- Poly Fluoro Ltd
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Mapping the PTFE Price Increase - An Update
We have been receiving many mails asking us to map or at least project the PTFE price trend going forward. Since our last post on PTFE pricing was about a year ago (Feb 2012), it is a valid question to ask whether there has been any further volatility in this market and what that implies for prices as a whole.
To lay any suspense to rest right away – we can firmly say that prices have indeed been stable this past year and it is due to this stability that our own interest in analyzing the prices has dimmed somewhat. However, that is not to say that things would continue along this vein indefinitely. PTFE is a complex material and the dynamics involving its manufacture and sale are constantly in flux – meaning that the next shock may just be around the corner at any time. So we would like to look at some of the buzz surrounding the industry in a hope to at least demystify the future to some extent.
Prices are expected to remain stable throughout 2013
This is the general consensus as of now and is due to two primary factors:
- There is a general slowdown in global demand (much in line with most other industries) that makes it risky for resin manufactures to experiment with pricing like was done early in the price escalation of 2010-11
- There was a significant over supply of resins when prices were high and this led to huge inventories which manufacturers are still offloading
In some areas it is believed that there is still some scope for prices to fall further. However, it is most widely accepted that the current rates are stable and should be for the foreseeable future
China still a key player – but not the only price maker
Back in 2010, it was largely a price war between manufacturers that led to very low PTFE prices. Much of this was driven by China – where the abundance of fluorspar and the support from their government allowed Chinese PTFE manufacturers to scale up very quickly.
Although China remains a key player still, a few factors are affecting their economics and scale right now:
- The government support has reduced for PTFE resin manufacturers in China. With the clamping down of R22 within China (for environmental reasons), there is a subsidy of US$0.5 per Kg of R22, which is no longer being offered by the Chinese government. Owing to this, Chinese manufacturers have had to pass on this cost increase of about US$2 per Kg on to PTFE processors
- Due to quality issues with Chinese resins, many OEMs have started specifying that their parts be made from resins such as DuPont, Daikin or AGC. Many semi-finished PTFE processors have also shifted away from Chinese resins due to the instability of the material. It was long believed that China reserved the good quality resin for their domestic manufacture and preferred to dump the off spec grades into other countries (one of the reasons why the anti-dumping duty on Chinese resins was upheld by the Indian government). This has hit the volumes of Chinese resin manufacturers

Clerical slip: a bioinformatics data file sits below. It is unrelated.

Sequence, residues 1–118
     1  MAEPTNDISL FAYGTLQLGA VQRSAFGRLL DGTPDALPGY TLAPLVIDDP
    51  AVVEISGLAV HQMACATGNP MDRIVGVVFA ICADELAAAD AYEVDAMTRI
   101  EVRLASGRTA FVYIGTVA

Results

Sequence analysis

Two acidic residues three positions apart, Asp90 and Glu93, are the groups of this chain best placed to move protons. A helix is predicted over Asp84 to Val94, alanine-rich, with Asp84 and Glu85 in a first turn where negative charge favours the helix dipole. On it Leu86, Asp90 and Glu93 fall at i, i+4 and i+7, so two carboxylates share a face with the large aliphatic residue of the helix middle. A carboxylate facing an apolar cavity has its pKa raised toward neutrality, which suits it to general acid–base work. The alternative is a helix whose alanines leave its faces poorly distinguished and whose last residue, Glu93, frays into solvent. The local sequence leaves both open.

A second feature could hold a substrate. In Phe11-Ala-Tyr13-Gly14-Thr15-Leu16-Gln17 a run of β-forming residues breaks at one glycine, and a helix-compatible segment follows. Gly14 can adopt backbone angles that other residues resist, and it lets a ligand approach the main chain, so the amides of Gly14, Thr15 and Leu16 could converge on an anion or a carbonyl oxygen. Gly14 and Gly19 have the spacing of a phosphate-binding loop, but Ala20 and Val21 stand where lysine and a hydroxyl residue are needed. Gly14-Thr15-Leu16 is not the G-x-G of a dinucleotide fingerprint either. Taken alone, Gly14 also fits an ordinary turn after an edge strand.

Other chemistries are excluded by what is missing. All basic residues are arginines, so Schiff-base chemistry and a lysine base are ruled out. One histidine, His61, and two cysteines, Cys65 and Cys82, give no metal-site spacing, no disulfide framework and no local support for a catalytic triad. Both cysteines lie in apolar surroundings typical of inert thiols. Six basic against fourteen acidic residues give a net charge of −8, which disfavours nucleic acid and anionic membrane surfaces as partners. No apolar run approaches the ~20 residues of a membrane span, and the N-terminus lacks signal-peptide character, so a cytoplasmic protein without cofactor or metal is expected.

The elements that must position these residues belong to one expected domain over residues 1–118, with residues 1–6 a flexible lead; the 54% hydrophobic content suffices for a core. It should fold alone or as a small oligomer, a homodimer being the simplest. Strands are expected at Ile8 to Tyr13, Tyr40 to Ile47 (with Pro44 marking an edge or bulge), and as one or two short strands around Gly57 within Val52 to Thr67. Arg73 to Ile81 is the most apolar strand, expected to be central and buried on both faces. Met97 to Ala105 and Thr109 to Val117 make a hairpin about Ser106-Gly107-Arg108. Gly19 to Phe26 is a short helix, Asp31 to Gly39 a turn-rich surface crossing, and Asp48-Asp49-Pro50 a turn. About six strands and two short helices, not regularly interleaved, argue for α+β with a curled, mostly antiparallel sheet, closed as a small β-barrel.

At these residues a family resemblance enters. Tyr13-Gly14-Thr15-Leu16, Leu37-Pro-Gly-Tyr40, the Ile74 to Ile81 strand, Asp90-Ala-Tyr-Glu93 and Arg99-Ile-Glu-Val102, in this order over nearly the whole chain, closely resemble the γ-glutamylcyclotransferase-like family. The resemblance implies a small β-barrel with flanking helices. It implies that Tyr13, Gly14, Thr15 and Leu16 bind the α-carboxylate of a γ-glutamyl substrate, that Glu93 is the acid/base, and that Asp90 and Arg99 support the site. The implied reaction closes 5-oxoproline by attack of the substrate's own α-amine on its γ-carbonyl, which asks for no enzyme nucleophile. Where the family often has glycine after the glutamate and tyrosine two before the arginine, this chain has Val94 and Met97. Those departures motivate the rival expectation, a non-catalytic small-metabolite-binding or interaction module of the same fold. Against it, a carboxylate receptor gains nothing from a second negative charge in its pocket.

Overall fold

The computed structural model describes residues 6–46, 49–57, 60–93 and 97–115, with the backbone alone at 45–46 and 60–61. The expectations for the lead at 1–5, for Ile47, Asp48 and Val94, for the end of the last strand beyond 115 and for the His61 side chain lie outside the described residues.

- Another key issue is repro material. While India earlier had significant imports of Chinese semi-finished PTFE materials, most of this was repro material but was being passed off as 100% pure virgin PTFE in the local market. This high intake of semi-finished PTFE was affecting the local semi-finished manufacturers as well as local resin suppliers. However – owing to the major quality issues with repro and the lack of accountability and transparency in the percentage of repro being incorporated, many companies have had to stop procuring semi-finished PTFE from China and have started buying domestically – where it is easier to monitor quality and also return material if found defective. This has led to a resurgence in domestic PTFEsemi-finished goods production and also an increased off-take from local resin manufacturers.
With China on the back foot due to the reasons listed above, it may be safe to say that price manipulation and/or competition is for the time being not a threat – since it is usually with China that most of these issue do arise. Hence, the current view is that of stability – and we should enjoy that while it lasts.